In his first algebra class last year, Mani Chadaga slumped low in his front-row seat and pretended to read his new textbook intently, reported the Pioneer Press.
Soon, he was piping up with solutions to the teacher's questions and standing before his stumped classmates, explaining how he arrived at them.
"He literally taught the rest of them the entire problem," teacher Alex Ford said. "He could stand in front of a room full of eighth-graders and describe the solution to problems with poise and confidence and perfect mathematical reasoning."
The Pioneer Press reported within weeks of starting first grade, Mani had moved up to fourth-grade math. In the spring, he worked on the fifth-grade math textbook in the evenings. Over the summer, he tackled the sixth-grade textbook, at the rate of two to three hours at a time, seven days a week.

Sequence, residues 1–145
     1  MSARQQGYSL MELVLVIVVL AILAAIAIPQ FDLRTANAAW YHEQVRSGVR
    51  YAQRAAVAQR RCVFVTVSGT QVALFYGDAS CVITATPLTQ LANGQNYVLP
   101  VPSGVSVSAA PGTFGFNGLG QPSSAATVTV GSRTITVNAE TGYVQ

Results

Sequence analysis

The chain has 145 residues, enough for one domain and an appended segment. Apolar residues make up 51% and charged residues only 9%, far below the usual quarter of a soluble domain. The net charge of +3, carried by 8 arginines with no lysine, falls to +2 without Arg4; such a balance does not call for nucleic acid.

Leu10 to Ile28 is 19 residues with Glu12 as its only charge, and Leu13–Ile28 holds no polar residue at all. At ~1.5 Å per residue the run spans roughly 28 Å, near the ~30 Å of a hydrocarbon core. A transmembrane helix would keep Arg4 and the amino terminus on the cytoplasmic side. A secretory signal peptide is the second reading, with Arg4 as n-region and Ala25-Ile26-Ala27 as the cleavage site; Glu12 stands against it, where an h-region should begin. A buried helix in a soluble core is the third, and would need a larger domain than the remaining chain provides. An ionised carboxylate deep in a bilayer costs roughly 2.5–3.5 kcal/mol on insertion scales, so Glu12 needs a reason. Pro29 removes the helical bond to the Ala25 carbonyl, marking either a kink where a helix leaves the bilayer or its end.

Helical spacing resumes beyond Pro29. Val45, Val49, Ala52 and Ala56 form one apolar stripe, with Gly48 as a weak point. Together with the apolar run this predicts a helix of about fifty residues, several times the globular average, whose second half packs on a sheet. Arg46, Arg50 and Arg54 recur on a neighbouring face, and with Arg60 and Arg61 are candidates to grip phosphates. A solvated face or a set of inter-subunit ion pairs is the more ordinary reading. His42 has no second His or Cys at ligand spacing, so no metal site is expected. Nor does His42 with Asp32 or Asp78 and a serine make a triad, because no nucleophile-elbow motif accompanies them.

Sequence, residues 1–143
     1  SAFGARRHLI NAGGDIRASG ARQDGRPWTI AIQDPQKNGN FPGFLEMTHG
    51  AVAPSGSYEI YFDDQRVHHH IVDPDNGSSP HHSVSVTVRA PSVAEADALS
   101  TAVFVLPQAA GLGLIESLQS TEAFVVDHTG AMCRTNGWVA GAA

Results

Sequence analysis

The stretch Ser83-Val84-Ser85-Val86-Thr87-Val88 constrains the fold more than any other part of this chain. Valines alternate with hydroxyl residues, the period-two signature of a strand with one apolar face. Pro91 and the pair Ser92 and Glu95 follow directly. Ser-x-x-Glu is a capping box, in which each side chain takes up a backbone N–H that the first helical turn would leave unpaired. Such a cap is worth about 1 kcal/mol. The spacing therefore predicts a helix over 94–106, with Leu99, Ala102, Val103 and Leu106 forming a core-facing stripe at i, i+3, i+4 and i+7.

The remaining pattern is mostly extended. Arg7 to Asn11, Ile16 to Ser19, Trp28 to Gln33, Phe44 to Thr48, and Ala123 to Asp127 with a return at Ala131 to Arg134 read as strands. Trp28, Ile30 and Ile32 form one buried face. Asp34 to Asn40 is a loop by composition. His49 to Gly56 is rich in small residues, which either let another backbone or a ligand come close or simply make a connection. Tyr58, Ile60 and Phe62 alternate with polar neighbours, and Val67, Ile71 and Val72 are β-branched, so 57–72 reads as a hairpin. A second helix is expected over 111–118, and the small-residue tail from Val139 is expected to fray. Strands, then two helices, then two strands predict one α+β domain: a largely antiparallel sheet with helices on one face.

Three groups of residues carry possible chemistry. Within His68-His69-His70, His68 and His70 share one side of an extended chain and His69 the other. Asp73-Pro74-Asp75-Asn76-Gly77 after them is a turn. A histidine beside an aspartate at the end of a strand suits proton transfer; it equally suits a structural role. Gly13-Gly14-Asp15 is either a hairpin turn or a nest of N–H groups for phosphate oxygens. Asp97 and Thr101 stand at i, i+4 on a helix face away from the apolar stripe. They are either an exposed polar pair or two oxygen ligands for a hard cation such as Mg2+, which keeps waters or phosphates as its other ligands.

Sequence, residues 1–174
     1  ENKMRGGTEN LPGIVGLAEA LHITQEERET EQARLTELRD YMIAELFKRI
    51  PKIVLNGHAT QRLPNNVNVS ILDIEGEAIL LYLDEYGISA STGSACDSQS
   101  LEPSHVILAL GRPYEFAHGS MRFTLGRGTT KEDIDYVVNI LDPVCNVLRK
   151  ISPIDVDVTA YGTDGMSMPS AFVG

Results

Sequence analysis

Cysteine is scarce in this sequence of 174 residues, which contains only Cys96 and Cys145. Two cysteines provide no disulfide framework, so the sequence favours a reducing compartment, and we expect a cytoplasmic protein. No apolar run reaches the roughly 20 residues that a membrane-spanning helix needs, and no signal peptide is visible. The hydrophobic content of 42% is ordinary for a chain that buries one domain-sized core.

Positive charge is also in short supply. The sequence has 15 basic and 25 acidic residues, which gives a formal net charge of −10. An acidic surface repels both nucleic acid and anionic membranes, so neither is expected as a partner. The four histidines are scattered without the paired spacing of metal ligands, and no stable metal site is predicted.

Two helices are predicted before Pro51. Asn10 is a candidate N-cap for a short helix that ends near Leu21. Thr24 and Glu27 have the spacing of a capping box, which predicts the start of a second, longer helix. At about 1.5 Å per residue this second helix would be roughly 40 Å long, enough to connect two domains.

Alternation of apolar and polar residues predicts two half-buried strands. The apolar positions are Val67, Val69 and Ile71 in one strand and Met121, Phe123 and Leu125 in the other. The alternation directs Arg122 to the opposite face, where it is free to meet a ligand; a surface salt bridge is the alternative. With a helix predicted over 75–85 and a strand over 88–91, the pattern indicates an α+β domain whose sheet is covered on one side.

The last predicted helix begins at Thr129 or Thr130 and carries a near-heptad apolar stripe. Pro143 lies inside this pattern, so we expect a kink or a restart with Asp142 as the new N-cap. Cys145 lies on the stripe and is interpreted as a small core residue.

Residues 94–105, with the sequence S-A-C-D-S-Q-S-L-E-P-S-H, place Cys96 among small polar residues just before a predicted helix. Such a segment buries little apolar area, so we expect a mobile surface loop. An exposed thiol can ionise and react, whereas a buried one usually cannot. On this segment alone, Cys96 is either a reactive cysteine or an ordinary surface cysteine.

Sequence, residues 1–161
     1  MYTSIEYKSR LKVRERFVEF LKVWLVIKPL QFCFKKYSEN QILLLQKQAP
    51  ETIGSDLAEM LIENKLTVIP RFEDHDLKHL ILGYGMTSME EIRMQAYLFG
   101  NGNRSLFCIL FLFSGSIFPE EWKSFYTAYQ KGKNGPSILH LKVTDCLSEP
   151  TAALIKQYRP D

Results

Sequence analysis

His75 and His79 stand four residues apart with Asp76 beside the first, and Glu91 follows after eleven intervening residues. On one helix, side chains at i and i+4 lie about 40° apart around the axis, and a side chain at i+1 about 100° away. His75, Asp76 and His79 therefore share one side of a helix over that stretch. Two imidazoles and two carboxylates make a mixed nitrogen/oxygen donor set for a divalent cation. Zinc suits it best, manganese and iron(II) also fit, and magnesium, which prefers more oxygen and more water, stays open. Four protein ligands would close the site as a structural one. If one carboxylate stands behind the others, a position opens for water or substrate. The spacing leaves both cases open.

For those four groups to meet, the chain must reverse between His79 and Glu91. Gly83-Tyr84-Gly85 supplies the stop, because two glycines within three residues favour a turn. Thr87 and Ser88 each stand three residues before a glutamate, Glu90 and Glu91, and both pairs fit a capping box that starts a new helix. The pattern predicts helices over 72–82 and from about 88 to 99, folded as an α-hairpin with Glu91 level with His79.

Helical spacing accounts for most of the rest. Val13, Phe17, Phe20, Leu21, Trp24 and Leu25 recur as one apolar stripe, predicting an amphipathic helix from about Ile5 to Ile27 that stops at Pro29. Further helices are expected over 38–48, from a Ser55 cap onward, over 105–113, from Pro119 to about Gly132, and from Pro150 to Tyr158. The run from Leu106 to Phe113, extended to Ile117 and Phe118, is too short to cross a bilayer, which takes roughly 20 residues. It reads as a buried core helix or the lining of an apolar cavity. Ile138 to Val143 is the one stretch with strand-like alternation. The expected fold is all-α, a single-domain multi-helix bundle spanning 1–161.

According to the Pioneer Press, Mani excels in other areas besides math. He has written about 100 sonnets, on nouns, soccer, his little sister, bad haircuts and a frog named Blep. He recently researched patent law on the Internet in preparation for upcoming inventions.
"There are so many possibilities," he said. "I haven't even found the mathematics I am the most interested in."